If you’re an elementary teacher, you’ve probably seen these two kinds of students in your classroom:
- Students who understand and enjoy math.
- Students who are frustrated by math because they don’t understand it.
It’s your job to help those in the second group find their way into the first group. Luckily, picture books about math can really help.
The ‘Why’ of Math Picture Books
It’s human nature to enjoy stories. By relating to a character who feels the way they do, students can gain the confidence to move through their own challenges–both in and outside the classroom.
Even more importantly, there’s a tangible link between reading and math. It stands to reason that doing one can help the other.
When teachers use picture books containing math themes (either implicit or explicit), they offer students a contextualized experience with mathematics generally.
Plus, a good story can comfort the heart of any student who’s afraid of math. Read more »
Mention the words “math” and “fun” in one breath and you might prompt a few raised eyebrows from those around you. But the truth remains that math actually can be fun. All the same, a negative view of math tends to prevail in America; even in the latest flurry over STEAM-based learning initiatives.
For one thing, too many parents’ own experiences with math were less than stellar. Similarly, teachers may feel anxious about motivating youngsters in their classrooms if they aren’t already huge math fans themselves.
What to do?
Don’t worry. Here are a few ways you can help children (and yourself) see math as a fun experience right from the start. Read more »
Let’s face it—not many kids are interested in reciting their multiplication tables or practicing addition when they’ve got video games to play, TV to watch, and technology to explore.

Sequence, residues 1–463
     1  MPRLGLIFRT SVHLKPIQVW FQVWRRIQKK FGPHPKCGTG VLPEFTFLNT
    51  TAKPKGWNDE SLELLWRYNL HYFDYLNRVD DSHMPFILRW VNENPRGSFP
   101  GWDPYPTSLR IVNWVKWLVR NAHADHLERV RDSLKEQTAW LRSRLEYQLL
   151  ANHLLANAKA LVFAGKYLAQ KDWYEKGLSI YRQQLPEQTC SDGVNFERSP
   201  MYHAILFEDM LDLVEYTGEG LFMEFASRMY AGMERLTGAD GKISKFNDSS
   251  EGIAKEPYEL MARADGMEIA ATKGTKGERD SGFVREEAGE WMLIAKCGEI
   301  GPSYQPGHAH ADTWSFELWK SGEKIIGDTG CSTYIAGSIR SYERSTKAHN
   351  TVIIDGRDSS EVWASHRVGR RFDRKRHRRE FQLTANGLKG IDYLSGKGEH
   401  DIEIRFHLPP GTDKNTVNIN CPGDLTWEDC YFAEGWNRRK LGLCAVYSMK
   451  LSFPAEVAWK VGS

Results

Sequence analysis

Unfortunately, too many parents and educators automatically assume that video games are mere time wasters, as mentioned in our earlier discussion about game-based learning.
Of course, sorting out the effective math games from the mediocre ones can be a challenge. Not every game is equal when it comes to producing lasting learning. So, what to do? Read more »
A guest post by Ben Harrison
Developer of Big Brainz math-fact fluency software
Imagine Learning now publishes monthly guest posts in order to stimulate conversations about K12 education across the country. Opinions expressed herein are those of the individual author(s) and may not necessarily reflect the official opinion of Imagine Learning.
The following article was originally posted in February, 2015 on the Big Brainz Blog.
Every once in a while I encounter a savvy educator who is opposed to memorizing math facts–or at least he or she appears to be.
Just today I saw a fearful article that exclaimed “memorization can inhibit fluency” and “memorization . . . can be damaging.”
Of course, educators are doing a wonderful job of championing number sense, comprehension, and problem-solving, but by attacking the vital skill of automaticity, they unwittingly undermine the very processes they intend to champion.
From Where I Sit
Before I go any further, let me jump to the punchline, because I know that if you’re one of these educators, you’re already getting ready to give me your very passionate point of view.
So . . . if, as an educator, you have a negativity towards memorization, I would suggest that it’s because you haven’t seen it done well. Read more »
Six in every ten Americans report having difficulty solving some type of math, and 30 percent of Americans say they would rather clean the bathroom than solve a math problem.
Yet 93 percent of Americans say that developing good math skills is crucial to having a successful life.
So why would anyone dislike something that brings success?
Most Americans develop their attitudes about math from others. For example, if parents don’t enjoy math, they may pass that attitude forward to children.
Perhaps parents or teachers nag too much. “Memorize your times tables!” they might say, “Work harder!”
Or, perhaps nagging isn’t to blame. Maybe students feel inadequate during math class because they’re just missing out on some key fundamentals.
Whatever the reasons, no one can really deny the importance of mathematics. Math is important in everyday life! Read more »